In the textbook scheme for writing, the isolation of a point and a list of supports for it is the first of five steps or stages of the writing process. Some teachers have students do "free writing" to accomplish the first, prewriting step. In free writing, students jot down every idea about a topic that comes to mind, and then go through the result, finding pieces that comprise the point and the support for it.
Another technique has students write the topic in the middle of a page, and then add related content to it, so that a diagram resembling a web or branches of a tree takes shape.
These techniques may be useful to demonstrate how ideas for writing evolve, but they often become goals in themselves, with students adding elements because they believe a teacher expects them to fill up gaps in a page.
Another way to find ideas is to change your writing environment. Many writers find that walking in nature helps to clear their minds and to get rid of extraneous thought so they can isolate their thinking and focus on what they want to communicate about a topic. Others claim that a few minutes In the shower has the same benefit. At school, students sometimes increase productivity by sitting on the floor of the gym to settle on a point or main idea and supporting ideas. Working in pairs or teams may be beneficial for some students.
Many writers find outlining the most efficient way to accomplish the prewriting step. (See also "Outlining" and "Start Writing" in the Essays section of College Prep Writing on this website.) The following outline for a brief essay begins with the central point or main idea of the essay, and that is followed by three major support points, I, II, and III.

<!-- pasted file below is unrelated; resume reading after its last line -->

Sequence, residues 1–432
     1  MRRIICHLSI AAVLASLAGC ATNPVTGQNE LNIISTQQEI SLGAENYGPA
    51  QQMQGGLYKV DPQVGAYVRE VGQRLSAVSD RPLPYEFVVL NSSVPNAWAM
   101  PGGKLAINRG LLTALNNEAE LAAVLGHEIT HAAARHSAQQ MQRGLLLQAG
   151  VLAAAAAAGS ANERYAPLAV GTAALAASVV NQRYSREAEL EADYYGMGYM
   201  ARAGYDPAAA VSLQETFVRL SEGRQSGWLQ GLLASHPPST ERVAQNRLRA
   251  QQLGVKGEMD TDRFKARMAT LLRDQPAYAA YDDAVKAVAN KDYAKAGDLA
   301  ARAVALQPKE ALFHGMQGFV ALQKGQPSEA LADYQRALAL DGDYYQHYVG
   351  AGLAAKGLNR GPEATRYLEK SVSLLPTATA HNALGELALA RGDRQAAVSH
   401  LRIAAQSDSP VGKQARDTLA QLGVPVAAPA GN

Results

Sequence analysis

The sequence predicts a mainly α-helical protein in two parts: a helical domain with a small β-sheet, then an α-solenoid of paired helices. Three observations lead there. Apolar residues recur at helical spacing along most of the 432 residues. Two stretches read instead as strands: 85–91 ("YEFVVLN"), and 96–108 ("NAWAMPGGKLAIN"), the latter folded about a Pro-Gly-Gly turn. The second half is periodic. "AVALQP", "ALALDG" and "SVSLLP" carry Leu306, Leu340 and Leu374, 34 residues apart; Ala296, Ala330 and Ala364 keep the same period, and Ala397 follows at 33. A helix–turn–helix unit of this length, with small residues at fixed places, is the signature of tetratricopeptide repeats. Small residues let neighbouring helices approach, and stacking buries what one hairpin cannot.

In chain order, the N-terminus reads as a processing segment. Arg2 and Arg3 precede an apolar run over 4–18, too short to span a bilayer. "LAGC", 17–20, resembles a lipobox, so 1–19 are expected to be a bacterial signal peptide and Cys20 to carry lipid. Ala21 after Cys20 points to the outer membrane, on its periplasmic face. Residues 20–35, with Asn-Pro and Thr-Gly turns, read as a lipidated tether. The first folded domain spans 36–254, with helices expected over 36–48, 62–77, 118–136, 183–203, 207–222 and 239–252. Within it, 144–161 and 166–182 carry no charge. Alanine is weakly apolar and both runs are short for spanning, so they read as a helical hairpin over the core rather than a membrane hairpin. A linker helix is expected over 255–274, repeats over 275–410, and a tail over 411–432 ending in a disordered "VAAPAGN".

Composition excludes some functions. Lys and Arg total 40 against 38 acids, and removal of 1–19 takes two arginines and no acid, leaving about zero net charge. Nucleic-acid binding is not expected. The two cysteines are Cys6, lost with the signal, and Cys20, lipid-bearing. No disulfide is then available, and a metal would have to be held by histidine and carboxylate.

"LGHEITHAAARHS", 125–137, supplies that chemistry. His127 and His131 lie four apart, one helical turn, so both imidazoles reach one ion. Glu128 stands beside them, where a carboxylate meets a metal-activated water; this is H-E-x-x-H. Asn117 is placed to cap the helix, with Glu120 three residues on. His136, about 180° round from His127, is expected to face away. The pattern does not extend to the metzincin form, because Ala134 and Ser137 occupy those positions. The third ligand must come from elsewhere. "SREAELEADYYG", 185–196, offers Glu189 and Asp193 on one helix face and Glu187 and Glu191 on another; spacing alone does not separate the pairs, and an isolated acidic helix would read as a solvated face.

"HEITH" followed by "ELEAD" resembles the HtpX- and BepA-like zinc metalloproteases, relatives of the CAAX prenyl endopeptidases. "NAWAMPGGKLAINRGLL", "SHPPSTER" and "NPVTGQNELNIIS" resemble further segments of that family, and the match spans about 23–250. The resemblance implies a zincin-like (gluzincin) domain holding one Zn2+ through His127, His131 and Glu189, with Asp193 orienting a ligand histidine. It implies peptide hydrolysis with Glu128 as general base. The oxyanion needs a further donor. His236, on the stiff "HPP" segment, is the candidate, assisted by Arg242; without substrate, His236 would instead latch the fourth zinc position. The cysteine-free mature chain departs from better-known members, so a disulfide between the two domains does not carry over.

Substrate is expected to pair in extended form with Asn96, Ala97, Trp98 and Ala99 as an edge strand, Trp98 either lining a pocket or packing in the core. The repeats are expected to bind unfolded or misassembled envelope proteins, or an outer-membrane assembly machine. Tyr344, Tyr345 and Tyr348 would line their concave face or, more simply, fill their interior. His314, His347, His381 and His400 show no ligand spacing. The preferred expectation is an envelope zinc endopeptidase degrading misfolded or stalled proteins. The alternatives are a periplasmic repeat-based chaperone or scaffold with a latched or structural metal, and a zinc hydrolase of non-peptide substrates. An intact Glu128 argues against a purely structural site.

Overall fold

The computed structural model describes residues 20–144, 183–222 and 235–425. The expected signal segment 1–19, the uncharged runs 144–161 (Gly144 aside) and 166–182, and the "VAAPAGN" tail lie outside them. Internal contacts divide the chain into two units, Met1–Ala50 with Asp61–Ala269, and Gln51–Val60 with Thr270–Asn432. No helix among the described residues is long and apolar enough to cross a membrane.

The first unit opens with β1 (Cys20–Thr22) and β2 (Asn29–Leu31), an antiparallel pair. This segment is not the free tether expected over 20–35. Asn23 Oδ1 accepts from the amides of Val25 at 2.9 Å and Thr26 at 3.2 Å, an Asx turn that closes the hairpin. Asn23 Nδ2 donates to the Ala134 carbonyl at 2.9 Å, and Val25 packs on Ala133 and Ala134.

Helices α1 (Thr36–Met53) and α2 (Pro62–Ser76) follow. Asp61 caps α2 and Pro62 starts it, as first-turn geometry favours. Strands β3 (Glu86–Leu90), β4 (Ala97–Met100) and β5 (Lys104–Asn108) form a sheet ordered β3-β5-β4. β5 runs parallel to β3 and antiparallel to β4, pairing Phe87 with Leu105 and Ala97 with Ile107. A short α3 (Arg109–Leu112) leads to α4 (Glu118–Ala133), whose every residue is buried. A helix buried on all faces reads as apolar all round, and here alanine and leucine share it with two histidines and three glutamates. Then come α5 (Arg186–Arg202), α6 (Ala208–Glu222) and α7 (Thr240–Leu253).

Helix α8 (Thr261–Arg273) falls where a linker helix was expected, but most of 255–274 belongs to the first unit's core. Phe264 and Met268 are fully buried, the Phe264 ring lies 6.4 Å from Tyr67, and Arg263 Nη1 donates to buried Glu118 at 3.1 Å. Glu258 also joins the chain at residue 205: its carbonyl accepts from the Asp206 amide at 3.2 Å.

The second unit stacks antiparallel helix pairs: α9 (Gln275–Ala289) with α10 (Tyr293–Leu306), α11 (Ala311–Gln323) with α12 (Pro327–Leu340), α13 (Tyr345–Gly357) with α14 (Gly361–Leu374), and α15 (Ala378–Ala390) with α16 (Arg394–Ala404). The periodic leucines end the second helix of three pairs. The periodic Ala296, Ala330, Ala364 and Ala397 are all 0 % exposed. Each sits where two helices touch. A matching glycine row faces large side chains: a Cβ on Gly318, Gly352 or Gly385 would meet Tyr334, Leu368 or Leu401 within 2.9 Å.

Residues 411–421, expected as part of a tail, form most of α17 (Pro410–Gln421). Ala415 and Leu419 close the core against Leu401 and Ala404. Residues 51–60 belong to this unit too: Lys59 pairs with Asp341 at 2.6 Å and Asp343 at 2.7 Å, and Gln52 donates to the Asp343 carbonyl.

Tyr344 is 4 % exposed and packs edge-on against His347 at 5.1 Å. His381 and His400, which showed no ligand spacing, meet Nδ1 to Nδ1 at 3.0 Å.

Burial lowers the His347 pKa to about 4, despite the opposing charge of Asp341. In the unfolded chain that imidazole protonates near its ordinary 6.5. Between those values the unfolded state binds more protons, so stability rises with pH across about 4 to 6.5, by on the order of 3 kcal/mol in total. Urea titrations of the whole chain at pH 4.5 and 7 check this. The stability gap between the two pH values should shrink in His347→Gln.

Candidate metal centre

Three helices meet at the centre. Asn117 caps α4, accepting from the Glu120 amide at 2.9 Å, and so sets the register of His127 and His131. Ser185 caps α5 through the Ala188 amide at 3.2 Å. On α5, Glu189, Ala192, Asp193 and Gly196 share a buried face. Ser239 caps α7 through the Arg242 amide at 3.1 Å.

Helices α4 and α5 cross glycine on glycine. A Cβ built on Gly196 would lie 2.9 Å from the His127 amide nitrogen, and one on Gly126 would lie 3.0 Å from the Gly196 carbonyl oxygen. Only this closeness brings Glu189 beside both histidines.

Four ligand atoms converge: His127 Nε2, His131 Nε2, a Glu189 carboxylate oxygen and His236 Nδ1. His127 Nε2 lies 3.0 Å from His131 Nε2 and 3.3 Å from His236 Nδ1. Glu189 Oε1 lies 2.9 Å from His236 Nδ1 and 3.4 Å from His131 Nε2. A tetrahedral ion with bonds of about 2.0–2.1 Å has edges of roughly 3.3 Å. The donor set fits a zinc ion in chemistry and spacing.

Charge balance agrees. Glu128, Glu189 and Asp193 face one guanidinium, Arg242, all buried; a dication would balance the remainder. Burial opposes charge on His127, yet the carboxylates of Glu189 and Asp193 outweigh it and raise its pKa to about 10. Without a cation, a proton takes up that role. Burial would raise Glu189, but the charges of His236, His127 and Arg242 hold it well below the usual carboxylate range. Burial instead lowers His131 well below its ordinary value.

Title: Why Do I Want to Study Nursing?
Main point or main idea: There are several factors that have influenced my decision to major in nursing.
Major support I: My mother and aunt are nurses, and their work and job satisfaction has influenced me.
Major support II: In a high school project, I traced important events in the history of nursing.
Major support III: My volunteer work at a hospital has helped me decide that a career in nursing is definitely for me.
After prewriting, the four other steps in the five-step writing process are—
2. Composing a first draft;
3. Revising the first for a second draft;
4. Editing the second draft for a third draft;
5. "Publishing" a final draft.
Writing is not always quite as neat as the five-step writing process suggests, however. It is rare that revising and editing are separate and distinct steps. Many writers will revise paragraphs and correct spelling and punctuation errors as they work on a first draft. Some writers are not satisfied with a third or fourth draft, and they continue making changes, going through up to a dozen drafts or more before publication.
The following examples represent steps two, three, four, and five of the process of writing described above. The examples represent essay writing for academic English; however, the five steps of the process of writing apply not only to essay writing. The steps should be used in all kinds of workplace and college writing.
Sample Steps Two Through Five
Drafts of a personal essay